When I buy a physical product at a store, I sign no lease or license agreement. I flat out purchased a physical product. It's mine to do what ever I want with it. Home depot can't tell me what I can or cannot build with the lumber I buy, Apple cannot tell me what computer I can install their OS onto. Home Depot cannot stop me from building something with that lumber and turning around and selling that new product for my own profit, Apple can't stop me from installing that OS onto a PC I build and turning around and selling that.

When you install software, you agree to the terms of usage. So you have, in essence signed a lease/license agreement.

If you don't want to sign the contract, then you shouldn't install the software.
post #36 of 141
Quote:
Originally Posted by bsenka View Post

That's certainly the claim that the software companies keep making, thankfully the courts are increasingly ruling against such nonsense.

When I buy a physical product at a store, I sign no lease or license agreement. I flat out purchased a physical product. It's mine to do what ever I want with it. Home depot can't tell me what I can or cannot build with the lumber I buy, Apple cannot tell me what computer I can install their OS onto. Home Depot cannot stop me from building something with that lumber and turning around and selling that new product for my own profit, Apple can't stop me from installing that OS onto a PC I build and turning around and selling that.

You may choose to ignore Apple's claim that you are licenced to use the software under limitations. But do not expect Apple to make it easy for you to do as you wish. Do not complain should Apple include methods which inhibit installation or issue updates which undo modifications which you have made. Nor should you be surprised should Apple choose to argue legally its understanding of the sale, especially if Apple believes that your use of the software reflects negatively on its corporate brand.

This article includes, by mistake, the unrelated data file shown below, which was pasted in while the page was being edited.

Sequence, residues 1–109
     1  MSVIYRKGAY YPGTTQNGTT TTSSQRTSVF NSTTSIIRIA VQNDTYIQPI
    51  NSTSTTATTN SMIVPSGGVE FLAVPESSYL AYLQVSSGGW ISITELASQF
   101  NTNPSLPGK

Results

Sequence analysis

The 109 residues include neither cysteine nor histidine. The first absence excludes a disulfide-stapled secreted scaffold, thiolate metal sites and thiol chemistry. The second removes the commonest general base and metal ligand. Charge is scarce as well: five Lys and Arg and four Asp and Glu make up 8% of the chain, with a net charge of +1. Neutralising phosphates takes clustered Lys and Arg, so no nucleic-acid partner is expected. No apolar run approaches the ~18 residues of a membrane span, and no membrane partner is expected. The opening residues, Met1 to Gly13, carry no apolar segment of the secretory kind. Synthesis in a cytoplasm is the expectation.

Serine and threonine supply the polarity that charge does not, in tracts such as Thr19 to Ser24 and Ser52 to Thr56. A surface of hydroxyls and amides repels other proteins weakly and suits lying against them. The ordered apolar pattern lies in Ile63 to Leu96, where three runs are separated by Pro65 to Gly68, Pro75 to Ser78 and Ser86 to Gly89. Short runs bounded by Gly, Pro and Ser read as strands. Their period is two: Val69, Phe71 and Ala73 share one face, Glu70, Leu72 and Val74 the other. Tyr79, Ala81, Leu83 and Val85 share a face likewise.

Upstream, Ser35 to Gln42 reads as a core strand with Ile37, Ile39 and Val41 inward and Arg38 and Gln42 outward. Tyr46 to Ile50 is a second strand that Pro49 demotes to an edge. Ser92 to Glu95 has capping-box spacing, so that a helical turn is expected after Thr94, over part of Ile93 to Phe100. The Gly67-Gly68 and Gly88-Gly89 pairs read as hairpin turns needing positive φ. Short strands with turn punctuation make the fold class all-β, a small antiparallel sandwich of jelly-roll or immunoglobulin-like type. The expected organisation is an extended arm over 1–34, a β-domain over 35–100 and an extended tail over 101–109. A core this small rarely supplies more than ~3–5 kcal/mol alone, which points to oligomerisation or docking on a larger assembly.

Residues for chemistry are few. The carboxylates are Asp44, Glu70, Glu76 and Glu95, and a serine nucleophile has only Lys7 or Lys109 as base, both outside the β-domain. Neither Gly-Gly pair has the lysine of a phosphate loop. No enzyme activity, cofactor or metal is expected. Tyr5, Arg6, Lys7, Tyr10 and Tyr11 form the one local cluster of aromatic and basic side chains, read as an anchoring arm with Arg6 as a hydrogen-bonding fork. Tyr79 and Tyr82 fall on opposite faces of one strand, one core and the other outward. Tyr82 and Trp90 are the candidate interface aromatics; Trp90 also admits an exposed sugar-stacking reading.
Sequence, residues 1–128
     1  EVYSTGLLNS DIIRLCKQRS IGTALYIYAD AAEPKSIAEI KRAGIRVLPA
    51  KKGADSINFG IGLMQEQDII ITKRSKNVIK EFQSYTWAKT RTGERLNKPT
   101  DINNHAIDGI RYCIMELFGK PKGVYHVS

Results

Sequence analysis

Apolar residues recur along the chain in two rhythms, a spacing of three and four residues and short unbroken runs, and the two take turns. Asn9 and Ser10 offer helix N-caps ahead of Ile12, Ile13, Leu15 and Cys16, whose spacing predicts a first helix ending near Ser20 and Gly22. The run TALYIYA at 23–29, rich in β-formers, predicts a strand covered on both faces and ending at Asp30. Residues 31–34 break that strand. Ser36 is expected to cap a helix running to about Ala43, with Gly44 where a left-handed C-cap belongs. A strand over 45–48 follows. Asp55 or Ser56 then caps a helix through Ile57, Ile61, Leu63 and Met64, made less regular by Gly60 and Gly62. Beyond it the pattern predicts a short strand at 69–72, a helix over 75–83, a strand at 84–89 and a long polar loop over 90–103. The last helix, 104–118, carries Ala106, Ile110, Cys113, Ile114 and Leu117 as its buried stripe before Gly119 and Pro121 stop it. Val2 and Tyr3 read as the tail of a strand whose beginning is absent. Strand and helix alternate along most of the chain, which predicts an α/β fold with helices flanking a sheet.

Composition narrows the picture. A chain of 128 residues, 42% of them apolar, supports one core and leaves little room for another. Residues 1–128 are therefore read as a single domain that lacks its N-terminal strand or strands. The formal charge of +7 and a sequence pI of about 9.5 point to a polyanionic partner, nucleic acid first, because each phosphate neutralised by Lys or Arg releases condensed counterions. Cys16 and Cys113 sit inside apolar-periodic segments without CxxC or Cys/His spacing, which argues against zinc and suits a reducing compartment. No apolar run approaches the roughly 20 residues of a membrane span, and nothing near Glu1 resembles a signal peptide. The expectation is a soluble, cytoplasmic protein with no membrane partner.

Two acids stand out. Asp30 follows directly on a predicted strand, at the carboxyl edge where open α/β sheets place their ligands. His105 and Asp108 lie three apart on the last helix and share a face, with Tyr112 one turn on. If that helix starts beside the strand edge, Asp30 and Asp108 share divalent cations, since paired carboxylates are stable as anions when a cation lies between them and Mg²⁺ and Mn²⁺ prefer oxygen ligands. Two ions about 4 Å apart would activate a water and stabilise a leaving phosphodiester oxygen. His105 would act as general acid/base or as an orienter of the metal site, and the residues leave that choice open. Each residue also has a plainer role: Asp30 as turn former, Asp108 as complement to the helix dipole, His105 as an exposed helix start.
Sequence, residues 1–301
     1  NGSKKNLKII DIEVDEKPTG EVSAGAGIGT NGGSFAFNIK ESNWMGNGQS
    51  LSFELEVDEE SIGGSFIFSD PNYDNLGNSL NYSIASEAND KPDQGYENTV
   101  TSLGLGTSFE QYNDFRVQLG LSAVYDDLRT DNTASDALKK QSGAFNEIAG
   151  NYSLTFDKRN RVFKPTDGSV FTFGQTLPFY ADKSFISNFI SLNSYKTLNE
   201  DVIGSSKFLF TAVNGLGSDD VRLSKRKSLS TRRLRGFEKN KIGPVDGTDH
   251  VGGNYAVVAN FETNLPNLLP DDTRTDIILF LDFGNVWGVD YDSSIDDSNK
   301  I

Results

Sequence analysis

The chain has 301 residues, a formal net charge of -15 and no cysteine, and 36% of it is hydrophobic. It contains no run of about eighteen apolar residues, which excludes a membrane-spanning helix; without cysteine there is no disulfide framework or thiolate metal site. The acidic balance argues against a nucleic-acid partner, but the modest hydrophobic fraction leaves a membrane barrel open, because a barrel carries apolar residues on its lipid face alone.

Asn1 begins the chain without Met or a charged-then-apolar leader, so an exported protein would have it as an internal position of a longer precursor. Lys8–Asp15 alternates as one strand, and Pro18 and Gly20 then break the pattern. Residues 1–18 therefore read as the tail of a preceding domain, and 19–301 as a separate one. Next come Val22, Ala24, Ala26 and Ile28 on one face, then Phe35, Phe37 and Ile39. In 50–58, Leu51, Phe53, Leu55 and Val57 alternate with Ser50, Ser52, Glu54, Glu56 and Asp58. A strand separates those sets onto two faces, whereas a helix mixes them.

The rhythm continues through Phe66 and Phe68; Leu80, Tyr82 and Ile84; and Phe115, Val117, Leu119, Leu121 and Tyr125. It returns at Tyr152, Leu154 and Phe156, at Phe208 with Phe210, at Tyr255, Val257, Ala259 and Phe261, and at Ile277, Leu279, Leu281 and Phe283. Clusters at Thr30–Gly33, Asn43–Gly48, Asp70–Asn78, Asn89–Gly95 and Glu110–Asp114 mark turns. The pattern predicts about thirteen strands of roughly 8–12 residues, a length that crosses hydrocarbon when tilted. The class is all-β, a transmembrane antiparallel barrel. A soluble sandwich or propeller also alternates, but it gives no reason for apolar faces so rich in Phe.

And yes, Home Depot can stop you. They can choose to stop selling you lumber. Apple can similarly choose to stop selling licences to OS X without proof of ownership of Apple hardware.

Psystar bases its arguments on having purchased legal copies of OS X with which they (and you and others) claim to be able to do as they wish. Should Apple find a method to prevent sales of OS X [licences] to Psystar, would you argue that this is also wrong and that Psystar should therefore be allowed to make as many copies as it wishes?

Apple is a public company with a unique business model that seems to be working better than its competitors. You are under no obligation to buy their product nor are they under any obligation to sell that product in a manner which they do not condone.
post #37 of 141
Quote:
Originally Posted by QRM View Post

...clearly there is something here that I don't understand. Please help!

I will try. However it looks like you have already been brained washed here.
Quote:
Apple, a hardware manufacturer, chooses to differentiate its products from its competitors by , inter alia, installing a different operating system and several other software components than the mainstream. Apple has chosen this business model despite the added effort required on its part to maintain this different operating system and software.

Apple business model means nothing here. Rather it is the right to compete against it.
Quote:

Apple's business model appears to be working compared to its competitors.